A psychological contact in many instances can be just as important, if not more important, as your traditional employment contract. It is more often than not that a psychological contract is formed without the use of any written or verbal communication. For this reason, it is even more important to be aware of how they are created and the impact they can have on the employment relationship.

What are they and why are they so important?

The psychological contract is a set of perceptions, expectations or promises made between two parties in an employment relationship. This is differentiated from a traditional employment contract whereby they are usually implicit and, in most cases, a written document. These perceptions can be made by prospective employees and current employees and have a significant impact on employee motivation, engagement and future performance.

In a competitive landscape, psychological contracts when used effectively can attract and retain highly skilled and in-demand personnel. A strong psychological contract that is aligned to individual values and beliefs can create a workforce that is:

  • Highly motivated and high performing
  • Engaged
  • Aligned to company goals
  • Committed to business success and longevity

How can you develop the psychological contract to influence business success?

To truly reap the benefits of the psychological contract, organisations should be leveraging their managers to openly discuss the psychological contract and unwritten expectations with their employees.

1. Communication

As it is purely created in the mind of the employee, the psychological contract is a constantly moving and changing goal post. For this reason, communication between direct managers and employees is key. These conversations need to be an open forum for two-way communication to show a balance between what the employee desires and what an employer can facilitate. These conversations should happen regularly to take into consideration changes to the business and the individual and to ensure there is still an alignment.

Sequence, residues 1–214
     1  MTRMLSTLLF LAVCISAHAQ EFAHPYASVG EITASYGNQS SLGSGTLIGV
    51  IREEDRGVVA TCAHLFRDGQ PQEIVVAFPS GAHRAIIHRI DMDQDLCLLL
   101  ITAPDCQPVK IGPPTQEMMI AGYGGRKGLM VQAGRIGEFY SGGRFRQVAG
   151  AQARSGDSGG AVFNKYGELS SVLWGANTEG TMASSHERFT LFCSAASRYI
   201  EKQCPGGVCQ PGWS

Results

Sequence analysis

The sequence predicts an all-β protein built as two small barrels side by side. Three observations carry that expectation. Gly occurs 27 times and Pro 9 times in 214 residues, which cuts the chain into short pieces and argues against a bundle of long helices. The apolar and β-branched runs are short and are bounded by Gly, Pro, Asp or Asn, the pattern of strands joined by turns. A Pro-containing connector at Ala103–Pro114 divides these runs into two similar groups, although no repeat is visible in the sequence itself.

2. Employee Diversity & Individualism

When developing the psychological contract, you should be taking into consideration the employee’s individual beliefs and values and creating a way to satisfy these needs through the employment relationship. A contract that takes this into consideration will show genuine care for an employee and increase their loyalty and motivation. If genuinely understanding your employees’ needs is not a priority of your conversations, you will find a mismatch in the expectations resulting in a breach.

Breaching the psychological contract

Now that your managers have established a healthy and aligned psychological contract, the most detrimental next step would be to breach it. A breach or misalignment of the psychological contract has been seen to result in:

  • A deliberate reduction in performance and work effort
  • Lower organisational commitment
  • A loss of valuable staff
  • A decrease in employee satisfaction and happiness

If organisations are upskilling their managers to have effective conversations with their staff, they will be able to more pro-actively influence and modify expectations reducing the risk of a psychological contract breach. Our HR Consultants can assist with coaching and training your line managers to have more effective 1:1 conversations so that you can get the most out of you managers and workforce.